Here's the good news: Nobody's Darling is Teresa Medeiros' best book in
years, possibly the best since Thief of Hearts or even Once an Angel. For
those who love this author, but haven't been thrilled by her recent output
of books, Nobody's Darling proves that Medeiros still can write zany
screwball romance with the éclat of a fine poet.
Nobody's Darling is the story of Esmerelda Fine, a dutiful young woman who
has spent her youth caring for her little brother, Bartholomew. Having lost
their parents to cholera, Esmerelda has gotten by teaching music, pinching
pennies, and denying herself every small joy to ensure Bartholomew's future.
Bart isn't interested in Harvard, however, but in pursuing adventure out in
the wild, woolly West; and against Esmerelda's better judgment, he runs off
to do just that.
As the story begins, Esmerelda has received the heart-breaking news that her
cherished little brother has been gunned down by a bloodthirsty outlaw by
the name of Billy Darling. Determined to bring Billy Darling to justice, or
shoot him trying, Esmerelda leaves Boston and travels to the New Mexico
territory in search of her brother's killer.
What Esmerelda finds is not a vicious reprobate, however, but an unlikely
ally. Billy Darling may be big, fearsome and magnificently handsome, but
Esmerelda quickly discerns that he is not a murderer. Certainly any man with
a Basset Hound as devoted as his Sadie cannot be all that bad. Billy, a
Civil War veteran who is trying to make a new life in the West, may be a
dangerous ruffian, but he has a soft heart, and before long is quite smitten
with this extraordinary Boston spinster.
Though now penniless, Esmerelda hires Billy to help search out the
whereabouts of her brother, and discover Bart's true fate. Although they
strike a risqué bargain about his fee, which concerns the loss of her
maidenly virtue, Esmerelda tells Billy that this will not be necessary; for
eventually all his costs will be covered by her rich grandfather. Who
happens to be an English Duke. When dear Grandpapa hears of her travails, he
will of course sail over from England to come to her rescue. Billy cynically
concludes that she is a liar spouting desperate nonsense. But is she? As for
Esmerelda, though she is wildly attracted to Billy, can she reasonably
consider him as a serious suitor? She is, after all, a spinster of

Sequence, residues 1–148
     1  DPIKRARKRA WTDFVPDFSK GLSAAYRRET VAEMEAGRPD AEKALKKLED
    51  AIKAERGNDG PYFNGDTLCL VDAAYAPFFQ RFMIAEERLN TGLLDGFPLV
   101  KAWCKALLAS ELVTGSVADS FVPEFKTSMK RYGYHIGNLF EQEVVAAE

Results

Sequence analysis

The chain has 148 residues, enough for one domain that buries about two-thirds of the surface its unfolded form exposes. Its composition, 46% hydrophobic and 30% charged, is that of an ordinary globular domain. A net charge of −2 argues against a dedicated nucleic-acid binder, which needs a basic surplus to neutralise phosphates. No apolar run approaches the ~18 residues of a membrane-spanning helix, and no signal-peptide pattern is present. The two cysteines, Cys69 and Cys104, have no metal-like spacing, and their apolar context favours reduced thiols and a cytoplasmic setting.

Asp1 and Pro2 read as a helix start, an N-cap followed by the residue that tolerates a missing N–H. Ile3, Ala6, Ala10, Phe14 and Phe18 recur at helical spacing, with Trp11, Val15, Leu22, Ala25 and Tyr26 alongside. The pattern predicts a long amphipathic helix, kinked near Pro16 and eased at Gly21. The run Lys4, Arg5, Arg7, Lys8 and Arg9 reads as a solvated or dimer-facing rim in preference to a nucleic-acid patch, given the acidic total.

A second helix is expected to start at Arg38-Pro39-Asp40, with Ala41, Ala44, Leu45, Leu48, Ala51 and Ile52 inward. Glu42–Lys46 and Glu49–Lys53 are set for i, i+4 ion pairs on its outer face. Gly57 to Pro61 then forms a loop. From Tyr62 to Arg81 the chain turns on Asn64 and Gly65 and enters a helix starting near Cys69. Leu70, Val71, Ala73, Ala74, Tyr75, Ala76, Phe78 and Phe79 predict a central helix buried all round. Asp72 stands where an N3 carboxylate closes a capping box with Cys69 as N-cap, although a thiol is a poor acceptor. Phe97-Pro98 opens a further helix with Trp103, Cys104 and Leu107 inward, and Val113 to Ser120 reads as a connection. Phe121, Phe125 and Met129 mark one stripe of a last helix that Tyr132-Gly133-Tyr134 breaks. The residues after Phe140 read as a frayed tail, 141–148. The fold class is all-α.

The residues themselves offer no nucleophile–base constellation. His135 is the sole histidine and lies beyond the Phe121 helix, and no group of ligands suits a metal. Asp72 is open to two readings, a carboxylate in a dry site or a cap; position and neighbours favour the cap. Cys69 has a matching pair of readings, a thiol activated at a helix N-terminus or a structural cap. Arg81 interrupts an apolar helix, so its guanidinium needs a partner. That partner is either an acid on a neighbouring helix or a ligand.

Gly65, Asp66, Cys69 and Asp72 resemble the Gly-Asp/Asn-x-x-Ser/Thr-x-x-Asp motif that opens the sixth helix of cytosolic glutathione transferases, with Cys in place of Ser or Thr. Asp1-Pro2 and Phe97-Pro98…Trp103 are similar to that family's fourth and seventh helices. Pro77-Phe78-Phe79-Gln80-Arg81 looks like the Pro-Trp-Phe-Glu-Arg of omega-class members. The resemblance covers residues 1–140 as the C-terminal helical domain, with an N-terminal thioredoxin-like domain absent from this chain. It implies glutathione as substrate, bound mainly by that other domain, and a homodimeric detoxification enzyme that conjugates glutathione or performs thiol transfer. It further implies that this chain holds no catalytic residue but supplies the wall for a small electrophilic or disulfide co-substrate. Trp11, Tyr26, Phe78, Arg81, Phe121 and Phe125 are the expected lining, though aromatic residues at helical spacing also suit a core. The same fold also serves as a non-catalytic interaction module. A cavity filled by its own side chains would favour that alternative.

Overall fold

twenty-five, no longer attractive to men.
While Nobody's Darling has one of Medeiros' strongest plots in many moons,
the charm of her novels is in the telling – and no quick summary can quite
do them justice. For me, Medeiros is one of the finest prose stylists around
– she can pen simply beautiful sentences. Her humorous dialogue, especially
the romantic repartee between hero and heroine, is some of the finest since
Katharine Hepburn and Cary Grant. And she can work magic on the emotions of
her readers. That is, when she does not fall prey to her own worst fault as
a writer, her tendency to be overly precious. But in Nobody's Darling,
Medeiros has that unfortunate tendency firmly in check, and the book is all
the better for it.
Since I reported the good news, is there any bad news to impart? Not bad
news, per se. But as a critical reader, I felt that more romantic tension
was needed between Esmerelda and Billy. Since she discovers almost
immediately upon meeting him that he is not Bart's killer, what impediment
is there really for their romance? And although Medeiros can be wonderful
with the sensual imagery, with Nobody's Darling, it occasionally seemed
forced. This, however, is likely connected to my first complaint.
Nobody's Darling also never comes close to the celestial perfection of
Medeiros' classic Heather and Velvet; but then few books do, and I would not
reasonably expect such. As a fan, I am just delighted that once more she has
written a book on par with her earlier work. So if you haven't read
Medieros in a while, this may be the one to win you back – for not only is
it a very good Medieros, it is the best Western romance I've read so far.